‘Work life balance’ is something that we have talked about for years – how can we achieve that perfect equilibrium between our professional and personal life? It is a question that has come into sharp focus now as what we have thought about as perhaps entirely separate worlds have merged: helping out with learning before joining a conference call. Setting up a workspace in a hastily created space in the corner of the lounge. Struggling with technology as a family member walks into view on a Skype call.


For many people, this new arrangement will no doubt have posed some challenges, especially in the early phase when we were all adapting – how many of us sat talking on mute whilst we struggled to work out in-call volume (just me?) And how many of us too might have found difficulty in creating structure and finding focus in this new set up?


But now, a few weeks down the line, and this new way of working becomes a little bit more of the norm, what are we learning that we could take forward when all this is over?


·         That there are efficiencies to be found in the use of technology?

·         That there are practices we were carrying out before that feel unnecessary?

·         That face to face meetings aren’t always the best way of connecting with people?

·         That there are different ways of doing things that we hadn’t thought of before?

·         That work is what we do and not where we go?

·         And that there is no such thing as work and life – there is just life?



The fact is that we have thought about work and life as separate entities for years but the truth is that what we have now could perhaps be referred to as just ‘life’: sometimes we work, sometimes we do other tasks. Sometimes we spend time on the phone to a colleague, and sometimes we sit and enjoy a conversation with our family.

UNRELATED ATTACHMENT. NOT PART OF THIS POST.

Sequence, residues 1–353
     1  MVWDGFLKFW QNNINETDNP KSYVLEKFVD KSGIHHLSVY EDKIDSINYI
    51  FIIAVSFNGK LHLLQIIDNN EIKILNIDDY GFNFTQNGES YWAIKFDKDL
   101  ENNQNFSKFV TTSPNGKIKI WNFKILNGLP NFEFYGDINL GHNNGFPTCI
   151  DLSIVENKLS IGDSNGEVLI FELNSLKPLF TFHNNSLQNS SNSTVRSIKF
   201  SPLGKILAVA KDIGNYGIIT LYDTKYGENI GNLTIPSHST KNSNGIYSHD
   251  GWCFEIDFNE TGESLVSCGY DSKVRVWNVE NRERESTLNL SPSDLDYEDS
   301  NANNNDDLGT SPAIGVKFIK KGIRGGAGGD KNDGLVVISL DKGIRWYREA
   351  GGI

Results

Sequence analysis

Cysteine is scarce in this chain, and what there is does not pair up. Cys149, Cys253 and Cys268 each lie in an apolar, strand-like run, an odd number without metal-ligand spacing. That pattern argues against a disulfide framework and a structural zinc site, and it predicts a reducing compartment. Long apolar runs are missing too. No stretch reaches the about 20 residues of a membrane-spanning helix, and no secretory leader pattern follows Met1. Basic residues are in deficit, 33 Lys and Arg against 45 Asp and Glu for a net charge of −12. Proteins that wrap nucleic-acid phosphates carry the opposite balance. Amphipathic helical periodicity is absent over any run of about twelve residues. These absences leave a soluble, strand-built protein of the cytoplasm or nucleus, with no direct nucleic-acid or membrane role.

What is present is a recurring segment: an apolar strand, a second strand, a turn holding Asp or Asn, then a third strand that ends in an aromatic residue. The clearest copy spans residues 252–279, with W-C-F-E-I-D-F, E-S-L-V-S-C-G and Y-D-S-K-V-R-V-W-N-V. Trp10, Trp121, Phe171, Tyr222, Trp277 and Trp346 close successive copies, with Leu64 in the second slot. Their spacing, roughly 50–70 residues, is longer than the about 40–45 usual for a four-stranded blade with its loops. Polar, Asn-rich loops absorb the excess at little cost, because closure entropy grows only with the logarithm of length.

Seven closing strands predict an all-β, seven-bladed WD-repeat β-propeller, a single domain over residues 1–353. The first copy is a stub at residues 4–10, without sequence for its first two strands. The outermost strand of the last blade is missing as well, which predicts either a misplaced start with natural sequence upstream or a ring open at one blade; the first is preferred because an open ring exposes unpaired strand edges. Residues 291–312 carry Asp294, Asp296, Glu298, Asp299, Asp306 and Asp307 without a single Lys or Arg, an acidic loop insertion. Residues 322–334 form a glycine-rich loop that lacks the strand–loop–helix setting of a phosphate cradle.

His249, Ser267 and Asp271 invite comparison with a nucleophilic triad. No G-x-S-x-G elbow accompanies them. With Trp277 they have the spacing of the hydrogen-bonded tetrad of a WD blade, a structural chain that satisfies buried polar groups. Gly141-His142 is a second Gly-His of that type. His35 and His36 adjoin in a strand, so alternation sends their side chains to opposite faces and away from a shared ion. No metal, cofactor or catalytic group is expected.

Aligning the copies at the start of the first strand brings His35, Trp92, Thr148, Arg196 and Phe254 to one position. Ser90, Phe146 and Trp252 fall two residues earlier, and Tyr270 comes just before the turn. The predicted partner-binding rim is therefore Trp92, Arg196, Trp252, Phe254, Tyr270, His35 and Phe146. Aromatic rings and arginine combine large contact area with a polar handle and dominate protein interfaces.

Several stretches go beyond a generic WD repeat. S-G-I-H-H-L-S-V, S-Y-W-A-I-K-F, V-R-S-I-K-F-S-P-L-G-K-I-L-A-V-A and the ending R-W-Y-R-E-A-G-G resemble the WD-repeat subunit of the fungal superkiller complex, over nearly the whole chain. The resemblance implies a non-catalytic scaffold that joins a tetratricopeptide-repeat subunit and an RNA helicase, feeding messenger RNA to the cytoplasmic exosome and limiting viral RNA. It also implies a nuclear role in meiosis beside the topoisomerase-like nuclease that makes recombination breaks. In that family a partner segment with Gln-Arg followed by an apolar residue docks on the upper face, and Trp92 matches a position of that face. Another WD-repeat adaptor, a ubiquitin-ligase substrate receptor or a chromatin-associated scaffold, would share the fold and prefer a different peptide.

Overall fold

By acknowledging that these two worlds do not have to be in constant competition, that we are entirely capable of combining professional and personal priorities as one may well make working much easier in the future.


Circumstance has set our thinking free and allowed us to come up with innovative ideas and solutions which might not have been considered possible just a few short months ago. And this creative rethink may well allow us to work differently in future. More flexibly, more remotely, and with greater recognition and kindness for the differing priorities that require our attention at any one time.


Of course, in whatever ideas and best practice we take forward, it is vital that how we work in future allows us to retain that sense of connection and belonging with our colleagues, our teams, our organisations. But we are already learning that there are so many different ways to do that too.


And so finally, what we might find is that this eternal struggle we have talked about for years could be resolved in finding that the things we think of as ‘work’ and the things that we think of as ‘personal’ can be done in symmetry under one banner: life.


Spread the love